Anyway, I've given my $0.02. Do what you want, I won't stop you. But I do question the thinking behind it.

          Show
          Allen Wittenauer added a comment - (I know this is mostly going to get ignored because a) it's from me, b) it's more than 3 lines, and c) we've already proven that we only care about Linux despite people wanting support for other platforms, but here we go anyway.) While I can understand the build-time issues, I'm not sure I understand the run-time issues. If you are running on a system that doesn't have libhadoop or want to launch a task, you're going to hit a fork() and that's going to call bash (or potentially sh). Or are we planning on replacing taskjvm.sh as well? So the bash requirement doesn't go away. At run-time, the whole purpose of these scripts is to launch Java. That's it. The problem that we have is that our current scripts are extremely convoluted, wrap into themselves, and fundamentally aren't written very well. Arguing that we can make our launcher scripts object oriented or using an IDE to debug them seems like we're expecting to raise the complexity to even more ludicrous levels. One thing I'm very curious about is if we'll lose the $ {BASH_SOURCE} functionality, something I considering absolutely critical, by moving to Python. (It allows one to run without setting any environment variables. I think I submitted that as a patch years ago, but well...) Let's say we pick Python. Which version are we going to target? From a support perspective, we could very easily end up asking about not only the Java version but the Python version. Do we really want that? The alternative would be to maintain two complete suites of scripts, one for Linux and one for Windows (and perhaps others in the future). This is what most projects do that have Windows and UNIX functionality, from what I've seen. This is because things are in different locations, delimiters, etc, etc and if you merge them, you end up with a lot of "if this then that, or if this2, then that2" to the point that you essentially have two different suites of scripts but just stored in one anyway. We want to avoid the need to update dual modules in two different languages when functionality changes, especially given that many Linux developers are not familiar with powershell or bat, and many Windows developers are not familiar with shell or bash. I think this is the real message: the "Linux developers.. which should be read as "Java developers who work on Hadoop" don't know bash and fundamentally ignore most attempts from outside to improve them. Switching to something else isn't going to change this problem. Instead, it'll just allow for them to continue ignoring the community in favor of their own changes. Perhaps the fundamental problem is this: Why are so many launcher changes even necessary? Why isn't Hadoop smart enough to figure out some of these things after Java is launched? Have we even seriously attempted a simplification of the scripts? (I suspect just using functions instead of the craziness around exported variables would make a world of difference.) Has there been any thought about actually creating real configuration files built by installers so we don't have to recompute a half-dozen things at every run time? Side-note: it would be interesting to see the memory footprint requirement differences on something like one of Yahoo!'s gateways. Sure, individually it isn't much. But at scale... Anyway, I've given my $0.02. Do what you want, I won't stop you. But I do question the thinking behind it.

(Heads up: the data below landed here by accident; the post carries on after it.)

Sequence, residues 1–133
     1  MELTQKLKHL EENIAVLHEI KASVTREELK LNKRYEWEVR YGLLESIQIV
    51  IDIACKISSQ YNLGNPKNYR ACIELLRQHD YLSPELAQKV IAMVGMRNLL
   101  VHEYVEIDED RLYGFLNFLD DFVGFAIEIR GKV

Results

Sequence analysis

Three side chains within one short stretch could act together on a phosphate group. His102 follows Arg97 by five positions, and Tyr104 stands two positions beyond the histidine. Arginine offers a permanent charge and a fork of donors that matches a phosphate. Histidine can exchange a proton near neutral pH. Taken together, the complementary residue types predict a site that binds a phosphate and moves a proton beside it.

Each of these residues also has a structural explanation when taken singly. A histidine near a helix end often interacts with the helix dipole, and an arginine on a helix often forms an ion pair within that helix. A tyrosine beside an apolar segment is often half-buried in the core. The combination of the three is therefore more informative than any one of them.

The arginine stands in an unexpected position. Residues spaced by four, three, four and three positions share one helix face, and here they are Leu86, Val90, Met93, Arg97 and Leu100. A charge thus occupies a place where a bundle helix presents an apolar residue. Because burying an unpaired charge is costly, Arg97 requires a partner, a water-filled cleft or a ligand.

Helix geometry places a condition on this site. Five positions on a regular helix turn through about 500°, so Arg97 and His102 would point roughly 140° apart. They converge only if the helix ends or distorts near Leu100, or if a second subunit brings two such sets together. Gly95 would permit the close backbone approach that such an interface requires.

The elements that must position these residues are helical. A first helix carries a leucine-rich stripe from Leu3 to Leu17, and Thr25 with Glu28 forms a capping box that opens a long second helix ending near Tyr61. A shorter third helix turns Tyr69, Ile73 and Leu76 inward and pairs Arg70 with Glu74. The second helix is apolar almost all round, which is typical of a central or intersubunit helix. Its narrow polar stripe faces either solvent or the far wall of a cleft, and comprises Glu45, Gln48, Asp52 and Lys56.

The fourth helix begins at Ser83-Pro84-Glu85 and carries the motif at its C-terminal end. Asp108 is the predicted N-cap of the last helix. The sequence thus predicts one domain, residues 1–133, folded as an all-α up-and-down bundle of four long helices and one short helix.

Hide
          Doug Cutting added a comment -

          I agree with Allen. We should minimize scripting. I fear that Python would encourage more scripting when what we need is less. Scripts should be limited to things that cannot be done in Java. Parallel versions (bash & bat) of a few simple scripts may be a necessary evil if Cygwin is unacceptable.

          Show
          Doug Cutting added a comment - I agree with Allen. We should minimize scripting. I fear that Python would encourage more scripting when what we need is less. Scripts should be limited to things that cannot be done in Java. Parallel versions (bash & bat) of a few simple scripts may be a necessary evil if Cygwin is unacceptable.
          Hide
          Eli Collins added a comment -

          I agree with Allen and Doug as well. IMO we should make the existing bash scripts simpler such that maintaining a parallel set of BAT files (if necessary) isn't a big deal.

          Show
          Eli Collins added a comment - I agree with Allen and Doug as well. IMO we should make the existing bash scripts simpler such that maintaining a parallel set of BAT files (if necessary) isn't a big deal.
          Hide
          Matt Foley added a comment -

          I agree too. Repurposing this jira to focus discussion on that direction. Will also reopen HADOOP-8924 for a non-python solution to the specific problem of saveVersion.sh.

          Show
          Matt Foley added a comment - I agree too. Repurposing this jira to focus discussion on that direction. Will also reopen HADOOP-8924 for a non-python solution to the specific problem of saveVersion.sh.

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            • Assignee:
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              Reporter:
              Matt Foley
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                Updated: